“Times have changed since the BDP was published, and the critical role that green space plays in our well being, should be enough to prompt the council to reconsider their position.
“Especially since the council is already on track to achieve the targets it set out in the BDP, without building flats on the edge of a local nature reserve.”
She said a Community Partnership Forum set up in 2020 involving more than 20 community groups was not in her view a “partnership” and that decisions to put housing on the reservoir had already been made.
She added: “So we would call that consultation rather than engagement, and it is this that prompted us to launch a petition calling for such meaningful engagement, which has now over 900 on-line signatures and more than 100 further signatures on paper.
“It is unfortunate that this petition has not yet been formally presented to the full council, but we expect this to be rectified at the next meeting of full council.
“We have already insisted that all references to ‘collaboration’, ‘partnership’ and ‘engagement’ be removed from the new draft supplementary planning document [Edgbaston Reservoir Masterplan draft] and the term consultation be used instead.
“Finally I would say that all masterplans produced by the council provide ‘clear guidance’ for development. However the evidence is that it is only guidance.
“That is how it can emerge that so many new developments can be approved without sufficient amenity space; and that we are failing to meet our own targets for affordable homes.”
Chris Vaughan, of Friends of Edgbaston Reservoir, who started the petition, said: “Circumstances have changed since the original supplementary planning document [Edgbaston Reservoir Masterplan draft] was issued – we need to talk about all the developments taking place.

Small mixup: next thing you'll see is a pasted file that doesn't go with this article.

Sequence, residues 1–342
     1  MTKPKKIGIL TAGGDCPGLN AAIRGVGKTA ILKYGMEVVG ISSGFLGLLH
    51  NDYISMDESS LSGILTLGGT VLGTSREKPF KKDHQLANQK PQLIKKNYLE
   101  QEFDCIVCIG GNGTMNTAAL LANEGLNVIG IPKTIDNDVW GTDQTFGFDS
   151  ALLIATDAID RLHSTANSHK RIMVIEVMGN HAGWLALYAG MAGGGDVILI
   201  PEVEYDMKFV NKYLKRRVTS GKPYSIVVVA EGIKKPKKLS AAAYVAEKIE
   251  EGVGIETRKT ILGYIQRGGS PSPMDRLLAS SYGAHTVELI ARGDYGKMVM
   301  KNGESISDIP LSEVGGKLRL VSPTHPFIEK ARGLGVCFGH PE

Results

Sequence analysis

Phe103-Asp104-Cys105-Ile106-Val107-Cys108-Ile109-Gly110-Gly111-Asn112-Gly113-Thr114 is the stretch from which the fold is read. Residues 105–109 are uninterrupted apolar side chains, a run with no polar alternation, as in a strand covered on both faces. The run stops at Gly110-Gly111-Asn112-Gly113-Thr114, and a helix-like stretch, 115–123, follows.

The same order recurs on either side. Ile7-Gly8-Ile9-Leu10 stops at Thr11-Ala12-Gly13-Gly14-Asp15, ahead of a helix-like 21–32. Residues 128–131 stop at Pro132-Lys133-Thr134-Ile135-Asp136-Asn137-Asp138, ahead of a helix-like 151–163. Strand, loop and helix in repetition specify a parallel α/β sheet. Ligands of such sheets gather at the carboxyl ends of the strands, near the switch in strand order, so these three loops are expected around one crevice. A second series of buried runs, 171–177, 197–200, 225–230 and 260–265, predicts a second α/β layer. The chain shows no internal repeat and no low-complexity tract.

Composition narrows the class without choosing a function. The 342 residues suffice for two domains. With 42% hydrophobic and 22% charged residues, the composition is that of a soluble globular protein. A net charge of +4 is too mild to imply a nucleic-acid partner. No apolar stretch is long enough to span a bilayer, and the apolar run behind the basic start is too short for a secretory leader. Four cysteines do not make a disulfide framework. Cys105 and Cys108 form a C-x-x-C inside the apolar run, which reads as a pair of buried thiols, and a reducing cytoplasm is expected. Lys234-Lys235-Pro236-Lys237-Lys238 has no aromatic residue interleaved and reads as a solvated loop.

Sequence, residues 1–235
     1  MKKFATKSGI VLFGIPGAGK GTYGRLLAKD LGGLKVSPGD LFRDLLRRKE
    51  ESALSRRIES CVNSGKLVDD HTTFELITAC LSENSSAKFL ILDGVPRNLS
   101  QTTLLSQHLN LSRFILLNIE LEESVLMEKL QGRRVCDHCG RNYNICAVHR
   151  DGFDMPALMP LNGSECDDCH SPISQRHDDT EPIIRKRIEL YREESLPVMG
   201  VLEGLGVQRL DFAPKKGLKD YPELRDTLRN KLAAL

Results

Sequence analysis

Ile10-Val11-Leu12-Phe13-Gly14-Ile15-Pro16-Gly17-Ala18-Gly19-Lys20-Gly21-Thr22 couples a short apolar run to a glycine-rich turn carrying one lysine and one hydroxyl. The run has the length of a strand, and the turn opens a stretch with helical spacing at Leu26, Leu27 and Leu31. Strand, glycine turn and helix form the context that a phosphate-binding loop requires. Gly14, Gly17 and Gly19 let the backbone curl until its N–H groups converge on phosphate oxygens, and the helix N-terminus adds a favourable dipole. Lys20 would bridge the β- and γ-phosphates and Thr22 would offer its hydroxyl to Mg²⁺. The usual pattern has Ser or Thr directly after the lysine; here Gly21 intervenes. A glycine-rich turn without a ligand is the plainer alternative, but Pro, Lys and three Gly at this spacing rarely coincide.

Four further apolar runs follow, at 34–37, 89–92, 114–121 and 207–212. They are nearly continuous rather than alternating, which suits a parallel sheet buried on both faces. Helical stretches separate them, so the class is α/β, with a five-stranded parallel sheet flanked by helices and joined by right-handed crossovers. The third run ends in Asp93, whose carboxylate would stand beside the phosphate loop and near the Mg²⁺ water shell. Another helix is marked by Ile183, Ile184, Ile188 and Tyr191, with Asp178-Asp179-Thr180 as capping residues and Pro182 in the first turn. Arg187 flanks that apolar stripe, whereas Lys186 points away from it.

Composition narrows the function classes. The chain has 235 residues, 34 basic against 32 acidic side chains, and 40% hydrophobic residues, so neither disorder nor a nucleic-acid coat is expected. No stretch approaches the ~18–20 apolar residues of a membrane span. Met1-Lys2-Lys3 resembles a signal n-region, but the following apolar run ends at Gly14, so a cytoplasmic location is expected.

“It would be good to have a talk with not just planning officials but council executives as to why they are still insisting they need all these developments when circumstances have changed.”
A Birmingham City Council spokesperson said there had been extensive public engagement around the plans for the reservoir.
They said: “The Tower Ballroom site is identified in the Birmingham Development Plan (adopted in 2017) for redevelopment to deliver much-needed family housing with a mix of commercial and community uses.
“The Edgbaston Reservoir Masterplan builds on the policy allocation and sets a vision to provide high-quality affordable homes with ground floor uses to create activity and improve safety.
“Future development will be highly sustainable and respect the adjacent Local Nature Reserve. The masterplan provides clear guidance to protect and enhance the natural environment to ensure the reservoir can be enjoyed by future generations.
“The council has undertaken extensive public engagement on the masterplan. This includes establishing a Community Partnership Forum, where representatives from the local community have engaged in redrafting the masterplan to ensure it better aligns with the community’s vision.
“The second draft of the masterplan, in which the proposals for the Tower Ballroom site continue to be based on the BDP’s long-identified housing designation, will go out to public consultation in spring 2022.”